Review: Blind Faith by Delphia Baisden (2020)

Sweetshade, Book #1

Heat Factor: Really great physical affection. Lots of hugs. Also some hot sex. But, oh, the hand kissing in the truck…

Character Chemistry: These two were super committed super fast, even with everything else going on.

Plot: PTSD, independence, homophobia, mistrust, love

Overall: The love story was totally sweet but the drama stressed me out like crazy

If you like a romance with a huge amount of external emotional drama, this book might be for you. I wouldn’t say it’s angsty, because Abe and Sonny generally have a good relationship, and I typically feel that angsty books are the protagonists being ridiculous about each other, and these guys don’t do that. But when Sonny, who has moderate to severe PTSD, moves to Sweetshade, Texas, and is the target of homophobic harassment, the increasingly threatening homophobic crimes combined with the behavior of Abe’s best friend, the officer responding to Sonny’s calls, became a little too much for me. I’m high strung in real life, so I usually read to tone that down, not amp it up. 

Sonny is a retired army medic who did a tour in Afghanistan that left him so traumatized that he was honorably discharged. When we meet him, he is in a really bad place, which results in an attempted suicide. After spending some time in the hospital and talking to a therapist there, he decides to regain some independence and engage in some self care by moving from his mother’s home in Maryland to Sweetshade, Texas. 

Unlike most romance novels, which don’t feature therapists at all, even when the protagonists would seriously benefit from professional help, this book includes a comparatively large quantity of Sonny engaging with either his therapist in Maryland or his therapist in Texas. While I felt that these scenes were well done and the work was presented well, I tend to get bogged down with accurate portrayals and what I don’t know about how accurate these portrayals are. There are very few spaces where this happens for me (like, I don’t care at all about the accuracy of sportsball), but for some reason I get worried about therapy in particular being portrayed accurately, and because I didn’t know for sure I was always a little bit removed from the story when these scenes happened.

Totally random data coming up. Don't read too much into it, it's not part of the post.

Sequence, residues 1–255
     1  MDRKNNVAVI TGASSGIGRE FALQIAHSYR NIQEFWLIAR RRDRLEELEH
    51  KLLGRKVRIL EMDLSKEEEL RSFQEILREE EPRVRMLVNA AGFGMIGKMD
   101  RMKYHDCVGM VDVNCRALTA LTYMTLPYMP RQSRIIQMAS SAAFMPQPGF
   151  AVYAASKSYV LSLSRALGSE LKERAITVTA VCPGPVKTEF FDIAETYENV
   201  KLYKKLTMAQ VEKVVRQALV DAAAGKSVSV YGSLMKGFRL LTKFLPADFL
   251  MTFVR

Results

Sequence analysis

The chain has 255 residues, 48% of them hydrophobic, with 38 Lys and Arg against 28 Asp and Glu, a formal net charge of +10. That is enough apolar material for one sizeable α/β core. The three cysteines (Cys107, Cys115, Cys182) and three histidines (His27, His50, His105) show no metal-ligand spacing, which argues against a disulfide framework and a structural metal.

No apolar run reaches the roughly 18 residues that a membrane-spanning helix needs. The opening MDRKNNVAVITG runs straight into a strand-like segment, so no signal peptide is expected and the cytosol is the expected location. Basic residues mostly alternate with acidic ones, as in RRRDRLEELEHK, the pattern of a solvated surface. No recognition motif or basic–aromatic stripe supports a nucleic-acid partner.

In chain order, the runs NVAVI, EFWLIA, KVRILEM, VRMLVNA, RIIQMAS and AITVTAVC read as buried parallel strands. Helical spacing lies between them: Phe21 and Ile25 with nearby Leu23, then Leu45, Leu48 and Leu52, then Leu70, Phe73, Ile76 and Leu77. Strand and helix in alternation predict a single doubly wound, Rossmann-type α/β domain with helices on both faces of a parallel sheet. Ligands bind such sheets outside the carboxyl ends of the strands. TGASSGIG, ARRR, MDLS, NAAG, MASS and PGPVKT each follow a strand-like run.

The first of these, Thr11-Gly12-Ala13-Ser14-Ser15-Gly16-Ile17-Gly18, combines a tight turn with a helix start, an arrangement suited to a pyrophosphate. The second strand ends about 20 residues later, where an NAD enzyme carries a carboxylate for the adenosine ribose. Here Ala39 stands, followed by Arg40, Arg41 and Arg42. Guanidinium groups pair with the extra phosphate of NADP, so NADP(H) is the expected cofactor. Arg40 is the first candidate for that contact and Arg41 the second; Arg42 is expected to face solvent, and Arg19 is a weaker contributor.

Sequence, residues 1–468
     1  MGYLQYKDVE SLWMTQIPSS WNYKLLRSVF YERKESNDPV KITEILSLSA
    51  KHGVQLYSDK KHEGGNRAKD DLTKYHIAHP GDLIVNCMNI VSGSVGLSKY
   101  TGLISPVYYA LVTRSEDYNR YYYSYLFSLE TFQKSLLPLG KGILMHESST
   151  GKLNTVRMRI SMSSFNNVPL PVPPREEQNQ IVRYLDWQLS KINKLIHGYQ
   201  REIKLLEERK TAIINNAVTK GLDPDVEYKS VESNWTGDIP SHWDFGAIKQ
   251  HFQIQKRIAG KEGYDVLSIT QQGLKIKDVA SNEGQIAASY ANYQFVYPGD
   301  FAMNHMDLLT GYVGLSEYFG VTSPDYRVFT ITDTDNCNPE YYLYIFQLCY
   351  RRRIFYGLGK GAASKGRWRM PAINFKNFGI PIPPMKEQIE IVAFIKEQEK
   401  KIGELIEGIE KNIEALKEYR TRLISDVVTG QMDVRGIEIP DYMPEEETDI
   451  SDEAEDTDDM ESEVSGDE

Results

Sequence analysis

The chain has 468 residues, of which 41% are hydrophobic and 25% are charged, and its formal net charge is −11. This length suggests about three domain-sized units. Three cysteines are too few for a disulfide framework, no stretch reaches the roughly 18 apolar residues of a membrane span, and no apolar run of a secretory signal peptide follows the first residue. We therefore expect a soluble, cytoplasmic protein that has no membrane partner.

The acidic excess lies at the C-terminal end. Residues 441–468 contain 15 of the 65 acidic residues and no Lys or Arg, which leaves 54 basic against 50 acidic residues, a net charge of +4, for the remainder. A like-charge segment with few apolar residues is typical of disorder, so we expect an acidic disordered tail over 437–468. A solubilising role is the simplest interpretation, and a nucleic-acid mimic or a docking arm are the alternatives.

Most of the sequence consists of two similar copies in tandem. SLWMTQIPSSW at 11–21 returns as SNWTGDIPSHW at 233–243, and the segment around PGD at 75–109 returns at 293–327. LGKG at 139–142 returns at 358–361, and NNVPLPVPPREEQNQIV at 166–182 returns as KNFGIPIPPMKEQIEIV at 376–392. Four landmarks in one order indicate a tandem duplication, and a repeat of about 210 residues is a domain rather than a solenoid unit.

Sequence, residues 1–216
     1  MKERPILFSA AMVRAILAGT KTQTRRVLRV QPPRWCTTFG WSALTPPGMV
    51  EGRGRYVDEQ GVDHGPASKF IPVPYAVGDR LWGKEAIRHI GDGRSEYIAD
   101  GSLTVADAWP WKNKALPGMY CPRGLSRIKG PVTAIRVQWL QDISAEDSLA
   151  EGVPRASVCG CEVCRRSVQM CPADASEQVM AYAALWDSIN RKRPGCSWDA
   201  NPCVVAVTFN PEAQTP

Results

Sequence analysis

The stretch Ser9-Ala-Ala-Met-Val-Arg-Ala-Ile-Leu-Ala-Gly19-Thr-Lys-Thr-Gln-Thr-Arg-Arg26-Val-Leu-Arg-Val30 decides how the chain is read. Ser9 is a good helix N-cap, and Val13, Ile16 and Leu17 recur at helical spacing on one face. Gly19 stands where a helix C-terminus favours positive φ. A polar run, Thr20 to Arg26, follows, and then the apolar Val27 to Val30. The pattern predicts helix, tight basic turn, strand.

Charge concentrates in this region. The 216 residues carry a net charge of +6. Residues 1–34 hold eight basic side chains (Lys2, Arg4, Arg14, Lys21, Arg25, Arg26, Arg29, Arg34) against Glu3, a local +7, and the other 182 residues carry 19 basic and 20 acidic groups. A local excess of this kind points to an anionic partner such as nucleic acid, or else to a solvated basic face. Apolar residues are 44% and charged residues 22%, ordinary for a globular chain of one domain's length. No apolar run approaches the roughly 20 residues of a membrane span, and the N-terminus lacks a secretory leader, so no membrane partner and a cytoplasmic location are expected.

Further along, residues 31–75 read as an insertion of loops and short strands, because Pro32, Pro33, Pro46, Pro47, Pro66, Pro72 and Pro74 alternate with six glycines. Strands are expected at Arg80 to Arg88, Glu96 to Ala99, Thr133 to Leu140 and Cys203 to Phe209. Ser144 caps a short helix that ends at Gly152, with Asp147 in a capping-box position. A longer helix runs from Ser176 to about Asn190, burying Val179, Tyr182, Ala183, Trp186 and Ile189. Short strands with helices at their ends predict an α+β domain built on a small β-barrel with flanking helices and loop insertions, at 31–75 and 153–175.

It takes a while, but after the first homophobic incident at Sonny’s house we finally meet Abe, a police officer in in Sweetshade who gets to know about Sonny because his best friend, Nate, responded to Sonny’s call and told Abe about it when he got back to the station. Unlike the drama surrounding the homophobic harassment and Nate’s extremely rude behavior, Abe and Sonny have a reasonably sweet, easy romance. They start out by teasing a little bit that there are so few gay men in Sweetshade that they are pretty much required to go on at least one date, and things flow from there. The relationship isn’t without hiccups along the way, what with Sonny struggling with his PTSD and Abe having privileged information about Sonny thanks to the investigation Nate’s been conducting into the incidents Sonny’s reported. But overall there’s a great deal of trust between our protagonists in a brief timeframe, and the romance is the shy, blushing new love type. Sure, they have a fun sex life, but this romance isn’t going to be for readers who like a lot of dirty talking, confident bedroom behavior. It almost feels like these protagonists are first loves, but Sonny is 26 and Abe is 31. 

The last thing I’ll address in this review is the title. Faith is…faith. Sonny is a religious man who attends church every Sunday and prays like it’s going out of style when things get rough. The first person Sonny reaches out to after moving to Sweetshade is the pastor of the church he thinks he’d like to attend. Given how few characters are included in the book, we are also pretty well aware that the homophobia behind the harassment of Sonny is due to a religious zealotry. (Also when we are in the perpetrator’s head, it becomes pretty clear as well.) Christianity plays a big role in this book. 

Aside from one scene about the perpetrator of the hate crimes, which became a dangling thread, and also the fact that it was snowing in Maryland in November, which I don’t recall ever experiencing ever, the writing is good. I think my lack of excitement about the story stemmed from the level of stress I had as I read it. If you enjoy that kind of stress combined with a tender love story, this might be a really good book for you.

I voluntarily read and reviewed a complimentary copy of this book. All thoughts and opinions are my own. We disclose this in accordance with 16 CFR §255.

Buy Now: Amazon

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